Piet Mondriaan [1872-1944]

Lozenge composition with yellow lines

Piet Mondriaan (Amersfoort, 1872-New York, 1944) is one of the founding fathers of abstract art. His oeuvre clearly reveals his path from realist figurative art to radical abstraction. Especially his later geometric-abstract work with the characteristic fields of primary colours and horizontal and vertical lines are worldfamous. After a figurative start, Mondriaan changes to abstract, nonrepresentational art in the beginning of the twentieth century. Mondriaan writes in 1919: ‘Finally the artist no longer needs a natural phenomenon to create an ideal of beauty.' At that time his so characteristic colours of his later works appear: red, yellow and blue. Compositie with yellow lines (1933) is in that regard atypical within Mondriaan's oeuvre, since he only uses yellow and white.

Composition with yellow lines enters the collection of Kunstmuseum through an initiative by painter Charley Toorop (1891-1955) in 1933. Together with artist and architecture friends, she organizes a benefit to celebrate Mondriaan's sixtieth birthday. This benefit is meant to raise money to purchase a painting by Mondriaan to gift to a museum. Consequently Composition with yellow lines ends up in the Kunstmuseum, which initially is unsure how this work fits in their collection. As a result this work, togeteher with other abstract paintings by amongst others Bart van der Leck and Theo van Doesburg, are hung in the stairwells at the time of the opening in 1935.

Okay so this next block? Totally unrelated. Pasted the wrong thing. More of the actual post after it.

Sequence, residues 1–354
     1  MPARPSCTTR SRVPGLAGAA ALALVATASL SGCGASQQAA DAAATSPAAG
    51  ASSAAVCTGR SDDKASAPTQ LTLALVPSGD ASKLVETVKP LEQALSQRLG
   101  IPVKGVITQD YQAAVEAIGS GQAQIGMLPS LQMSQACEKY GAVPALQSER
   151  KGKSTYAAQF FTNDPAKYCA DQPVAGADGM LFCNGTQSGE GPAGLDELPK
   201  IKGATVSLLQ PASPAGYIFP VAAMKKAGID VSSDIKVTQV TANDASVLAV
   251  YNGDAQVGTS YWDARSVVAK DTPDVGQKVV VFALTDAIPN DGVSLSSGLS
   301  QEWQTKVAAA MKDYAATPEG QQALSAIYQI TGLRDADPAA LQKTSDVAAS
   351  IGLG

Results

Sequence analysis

The square canvas has a smooth, off white surface devoid of the characteristic black lines that feauture in many of Mondriaan's works. Instead he uses yellow lines. All the lines are a tad too small to form a plane, yet too big to simply be lines. There is little contrast between the colours of yellow and white in terms of tone, nonetheless the contrast seems strong to the eye. Mondriaan was worried whether the painting would be hung correctly, namely as a lozenge, and noted instructions to that one the backside of the painting.

Kunstmuseum Den Haag holds the largest Mondriaan collection in the world. From 1950 onwards, collector Salomon B. Slijper together with Louis Wijsenbeek, director of the Kunstmuseum between 1950-1976, he lays the foundations of this collection of paintings and drawings. Mondriaan's Victory Boogie Woogie, his last work from 1942-1944, forms their crowning achievement.

height 80.2 cm
width 79.9 cm
diagonal 112.9 cm
oil on canvas
Object number
Kunstmuseum Den Haag - gift of the admirers of the artist represented by Charley Toorop